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With Ackerman’s Departure, Sighs Of Relief From Many Quarters

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(PFT president Jerry Jordan, in file photo.  Credit: Mike DeNardo)

(PFT president Jerry Jordan, in file photo. Credit: Mike DeNardo)

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PHILADELPHIA (CBS) - Dr. Arlene Ackerman started out her tenure with lots of support, but she leaves with few allies.

Jerry Jordan, president of the Philadelphia Federation of Teachers, prefers to stay positive about the superintendent’s departure (see related story).   He says he is pleased that the focus will go back on students and the start of the school year.

But Jordan (photo) is among those whose relationship with Ackerman crumbled as the school district’s financial situation deteriorated.

Jordan says the union agreed to a contract with some controversial provisions in order to help her develop her pet project, the “promise academies,” but she did not return the spirit.

“She really did not choose to listen to the voices of teachers,” Jordan laments (see related story).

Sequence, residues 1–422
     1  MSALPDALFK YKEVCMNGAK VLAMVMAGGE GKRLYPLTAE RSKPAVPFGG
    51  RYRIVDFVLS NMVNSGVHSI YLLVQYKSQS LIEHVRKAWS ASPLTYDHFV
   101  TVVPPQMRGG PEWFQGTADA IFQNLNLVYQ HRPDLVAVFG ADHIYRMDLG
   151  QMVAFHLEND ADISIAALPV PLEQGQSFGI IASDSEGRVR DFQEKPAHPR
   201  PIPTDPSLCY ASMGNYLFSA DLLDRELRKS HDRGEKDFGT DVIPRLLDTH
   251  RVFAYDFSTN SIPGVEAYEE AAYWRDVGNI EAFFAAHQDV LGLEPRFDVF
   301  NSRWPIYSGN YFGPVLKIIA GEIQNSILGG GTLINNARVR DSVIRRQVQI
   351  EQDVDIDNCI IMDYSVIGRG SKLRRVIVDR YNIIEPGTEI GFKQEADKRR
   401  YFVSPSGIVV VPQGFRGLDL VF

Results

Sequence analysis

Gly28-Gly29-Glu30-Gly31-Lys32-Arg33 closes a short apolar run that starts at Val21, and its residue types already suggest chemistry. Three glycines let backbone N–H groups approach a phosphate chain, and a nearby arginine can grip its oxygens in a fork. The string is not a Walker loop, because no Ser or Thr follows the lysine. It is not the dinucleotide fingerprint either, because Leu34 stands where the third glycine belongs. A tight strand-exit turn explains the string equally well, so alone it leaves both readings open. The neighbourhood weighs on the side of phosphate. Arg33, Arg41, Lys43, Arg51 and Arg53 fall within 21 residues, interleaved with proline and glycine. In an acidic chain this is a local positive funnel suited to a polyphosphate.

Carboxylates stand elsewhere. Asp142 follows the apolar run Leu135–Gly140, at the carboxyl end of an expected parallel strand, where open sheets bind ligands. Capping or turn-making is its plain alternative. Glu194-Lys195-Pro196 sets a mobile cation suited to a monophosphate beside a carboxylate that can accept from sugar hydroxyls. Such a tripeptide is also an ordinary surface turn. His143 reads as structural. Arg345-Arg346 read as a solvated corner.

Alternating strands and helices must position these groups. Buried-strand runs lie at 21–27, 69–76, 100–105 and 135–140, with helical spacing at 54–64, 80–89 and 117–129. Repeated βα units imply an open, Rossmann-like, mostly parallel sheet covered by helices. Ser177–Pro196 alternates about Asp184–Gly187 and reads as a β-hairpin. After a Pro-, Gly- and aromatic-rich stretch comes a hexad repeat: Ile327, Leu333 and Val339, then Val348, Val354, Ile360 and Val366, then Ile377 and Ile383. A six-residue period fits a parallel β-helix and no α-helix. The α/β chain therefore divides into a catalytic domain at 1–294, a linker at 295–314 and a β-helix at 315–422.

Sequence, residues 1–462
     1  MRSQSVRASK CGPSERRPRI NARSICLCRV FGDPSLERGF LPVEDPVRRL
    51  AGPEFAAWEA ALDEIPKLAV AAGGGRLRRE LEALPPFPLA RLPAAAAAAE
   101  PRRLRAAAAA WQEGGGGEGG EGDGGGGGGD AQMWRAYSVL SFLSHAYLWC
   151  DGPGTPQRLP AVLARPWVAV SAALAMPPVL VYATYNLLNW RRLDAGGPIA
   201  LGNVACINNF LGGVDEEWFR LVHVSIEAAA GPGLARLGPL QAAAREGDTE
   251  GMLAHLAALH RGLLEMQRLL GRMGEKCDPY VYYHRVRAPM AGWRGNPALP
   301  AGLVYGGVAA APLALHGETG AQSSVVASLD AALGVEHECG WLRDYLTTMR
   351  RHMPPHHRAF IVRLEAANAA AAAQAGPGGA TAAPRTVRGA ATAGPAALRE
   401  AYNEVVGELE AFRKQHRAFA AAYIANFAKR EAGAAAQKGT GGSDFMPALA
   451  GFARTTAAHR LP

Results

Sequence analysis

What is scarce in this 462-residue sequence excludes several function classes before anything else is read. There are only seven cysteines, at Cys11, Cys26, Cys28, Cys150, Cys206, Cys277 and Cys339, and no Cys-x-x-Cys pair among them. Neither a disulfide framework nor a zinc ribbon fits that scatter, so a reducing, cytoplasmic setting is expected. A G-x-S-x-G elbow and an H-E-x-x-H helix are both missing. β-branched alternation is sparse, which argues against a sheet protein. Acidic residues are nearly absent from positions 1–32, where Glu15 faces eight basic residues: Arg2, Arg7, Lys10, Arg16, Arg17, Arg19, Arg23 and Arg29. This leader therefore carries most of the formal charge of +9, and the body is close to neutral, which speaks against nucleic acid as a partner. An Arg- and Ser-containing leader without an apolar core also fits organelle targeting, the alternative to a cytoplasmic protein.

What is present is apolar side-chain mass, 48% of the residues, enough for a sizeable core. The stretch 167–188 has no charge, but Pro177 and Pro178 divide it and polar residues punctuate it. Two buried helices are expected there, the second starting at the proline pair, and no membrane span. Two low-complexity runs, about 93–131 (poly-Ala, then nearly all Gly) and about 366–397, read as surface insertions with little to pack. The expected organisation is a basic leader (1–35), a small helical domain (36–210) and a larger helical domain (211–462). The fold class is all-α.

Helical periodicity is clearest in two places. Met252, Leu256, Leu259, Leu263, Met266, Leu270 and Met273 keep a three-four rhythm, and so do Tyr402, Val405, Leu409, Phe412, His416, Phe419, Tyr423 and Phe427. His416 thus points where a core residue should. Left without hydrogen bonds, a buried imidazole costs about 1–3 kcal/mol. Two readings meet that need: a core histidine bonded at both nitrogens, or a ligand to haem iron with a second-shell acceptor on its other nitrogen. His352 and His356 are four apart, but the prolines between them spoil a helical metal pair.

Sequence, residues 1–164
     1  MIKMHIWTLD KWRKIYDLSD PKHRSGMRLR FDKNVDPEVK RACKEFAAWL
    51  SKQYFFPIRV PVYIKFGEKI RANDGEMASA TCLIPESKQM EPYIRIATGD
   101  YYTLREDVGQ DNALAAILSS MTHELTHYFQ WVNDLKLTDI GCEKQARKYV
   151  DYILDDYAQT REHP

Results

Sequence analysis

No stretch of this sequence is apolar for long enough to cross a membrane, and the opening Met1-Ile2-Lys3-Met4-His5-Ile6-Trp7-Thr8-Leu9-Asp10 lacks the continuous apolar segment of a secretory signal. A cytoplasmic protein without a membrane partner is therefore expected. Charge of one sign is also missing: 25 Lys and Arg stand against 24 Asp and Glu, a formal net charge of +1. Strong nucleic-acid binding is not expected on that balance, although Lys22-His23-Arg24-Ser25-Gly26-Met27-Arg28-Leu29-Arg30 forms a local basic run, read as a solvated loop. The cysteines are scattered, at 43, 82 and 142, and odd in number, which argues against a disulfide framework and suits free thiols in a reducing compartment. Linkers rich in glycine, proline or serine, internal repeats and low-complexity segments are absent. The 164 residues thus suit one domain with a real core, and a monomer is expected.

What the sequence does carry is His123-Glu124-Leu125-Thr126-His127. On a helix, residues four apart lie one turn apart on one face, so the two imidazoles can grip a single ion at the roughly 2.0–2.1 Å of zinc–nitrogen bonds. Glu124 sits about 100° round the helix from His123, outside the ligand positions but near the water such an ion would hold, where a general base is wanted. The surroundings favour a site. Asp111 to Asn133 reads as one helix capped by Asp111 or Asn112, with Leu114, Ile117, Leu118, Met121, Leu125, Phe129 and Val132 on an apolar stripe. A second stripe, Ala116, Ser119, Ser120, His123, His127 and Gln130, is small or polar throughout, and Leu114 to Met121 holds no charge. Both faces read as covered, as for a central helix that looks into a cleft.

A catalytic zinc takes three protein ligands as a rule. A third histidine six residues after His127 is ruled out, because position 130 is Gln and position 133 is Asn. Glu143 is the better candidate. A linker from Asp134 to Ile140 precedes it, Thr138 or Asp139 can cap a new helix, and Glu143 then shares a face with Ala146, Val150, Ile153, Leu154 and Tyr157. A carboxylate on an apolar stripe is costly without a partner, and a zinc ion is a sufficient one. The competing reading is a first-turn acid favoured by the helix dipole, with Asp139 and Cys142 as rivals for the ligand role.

So, will he miss her as schools superintendent?

“No, I won’t,” he says after a momentary pause.

Meanwhile, Robert McGrogan, chief of the school administrators’ union says he is also pleased that the focus is off Ackerman.  But he is troubled by the $905,000 buyout package she will be receiving (see related story).

“I’m really troubled about the private contribution,” McGrogan says.  “It speaks to the potential for corruption with vendors and other types of arrangements that might have been created.”

gym helen7 tight With Ackermans Departure, Sighs Of Relief From Many Quarters

(Helen Gym. File photo)

Community activist Helen Gym (right) is among those who say that it wasn’t Ackerman’s management style that sunk her boat.
“That was secondary compared to the level of mismanagement and chaos that was happening in the district,” Gym says, calling the buyout “an outrage.”

Still, Ackerman does have allies.  Pennsylvania state representative Ron Waters (D-Phila. and Delaware counties), for example, wishes she were staying.

“I don’t know how you’ll find the perfect person who’s going to be politically astute and also academically astute,” he says. “Now we’ve got this big payout of money and a search for someone else and put them through the learning curve again.”

Reported by Pat Loeb, KYW Newsradio 1060

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